London: The Royal Society, 1857. 1st Edition. FIRST EDITION EXTRACT. Slight toning at the edges of the paper; minor. Near fine condition.
Airy was an English mathematician and astronomer as well as Lucasian professor at Cambridge and Astronomer Royal. Among “his many achievements include work on planetary orbits, measuring the mean density of the Earth, a method of solution of two-dimensional problems in solid mechanics and, in his role as Astronomer Royal, establishing Greenwich as the location of the prime meridian” (Wikipedia). Airy’s discovery of a new inequality in the motions of Venus and the earth is in some respects his most remarkable achievement.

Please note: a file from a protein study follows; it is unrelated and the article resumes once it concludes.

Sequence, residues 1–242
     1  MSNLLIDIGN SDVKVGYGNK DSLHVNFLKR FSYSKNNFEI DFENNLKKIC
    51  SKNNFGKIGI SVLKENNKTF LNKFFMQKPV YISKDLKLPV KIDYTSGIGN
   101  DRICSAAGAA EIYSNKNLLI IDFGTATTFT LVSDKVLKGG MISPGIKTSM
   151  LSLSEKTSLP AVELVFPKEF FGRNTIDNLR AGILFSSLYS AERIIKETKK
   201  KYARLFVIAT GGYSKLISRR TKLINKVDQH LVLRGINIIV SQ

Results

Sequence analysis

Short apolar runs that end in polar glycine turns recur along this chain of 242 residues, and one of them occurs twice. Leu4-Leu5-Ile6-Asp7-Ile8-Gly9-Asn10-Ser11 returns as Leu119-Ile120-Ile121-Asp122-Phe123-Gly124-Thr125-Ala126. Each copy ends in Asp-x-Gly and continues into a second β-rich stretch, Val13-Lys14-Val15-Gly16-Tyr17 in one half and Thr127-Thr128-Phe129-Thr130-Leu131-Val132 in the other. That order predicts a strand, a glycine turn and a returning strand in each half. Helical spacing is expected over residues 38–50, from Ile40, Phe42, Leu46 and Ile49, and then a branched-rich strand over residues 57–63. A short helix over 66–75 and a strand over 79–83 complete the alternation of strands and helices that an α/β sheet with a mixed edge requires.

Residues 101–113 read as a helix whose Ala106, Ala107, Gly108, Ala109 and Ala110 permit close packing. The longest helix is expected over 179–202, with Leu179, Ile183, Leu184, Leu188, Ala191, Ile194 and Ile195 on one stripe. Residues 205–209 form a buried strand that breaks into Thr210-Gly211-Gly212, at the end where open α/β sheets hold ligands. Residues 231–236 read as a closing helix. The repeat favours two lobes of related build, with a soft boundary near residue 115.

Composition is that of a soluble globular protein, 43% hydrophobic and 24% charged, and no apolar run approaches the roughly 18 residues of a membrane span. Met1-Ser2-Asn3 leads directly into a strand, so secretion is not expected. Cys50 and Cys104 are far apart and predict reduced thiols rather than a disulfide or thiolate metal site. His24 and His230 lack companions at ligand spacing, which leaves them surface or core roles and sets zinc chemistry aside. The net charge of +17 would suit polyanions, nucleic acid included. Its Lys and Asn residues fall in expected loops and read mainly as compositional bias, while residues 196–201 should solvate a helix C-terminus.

Airy's abstract for this paper: "In presenting this Report to the Royal Society, I must solicit their indulgence for many imperfections, arising from the circumstances under which the task of writing it has devolved on me. Through the whole account, I have to record the proceedings of others, and (in a great measure) I have to describe the trains of thought in the minds of others, which have determined those proceedings. The first part of the investigations for restoration of the Standard was made by Mr. F. Baily; but the largest proportion by very far was effected by my much-valued friend the Rev. R. Sheepshanks. These have successively been removed by death from their labours on the Standards. On the eve of the day on which Mr. Sheepshanks was struck down with mortal disease, he was engaged in micrometrical comparisons of Copies of the Standards; on the day following the deadly stroke, the Royal Assent was given to the Bill for legalizing the Official Standards which he had constructed. Under circumstances like these, it is evident that the documents relating to the final operations must have been left in great confusion. In the earlier portions (the papers relating to which had been, in a measure, roughly brought into order), the difficulty is mainly of another kind. Although from official relation and private friendship I was in constant and unreserved intercourse both with Mr. Baily and with Mr. Sheepshanks, and though I was cognizant of every step taken, and sometimes examined the apparatus used, yet I never actually made an observation. It is possible therefore that my want of familiarity with the operation may sometimes make my statements imperfect. I trust, however, that in the main my account will be substantially correct. It will be necessary for me briefly to revise the history of the British Standards for some time anterior to the work which forms the essential subject of this paper." Item #1277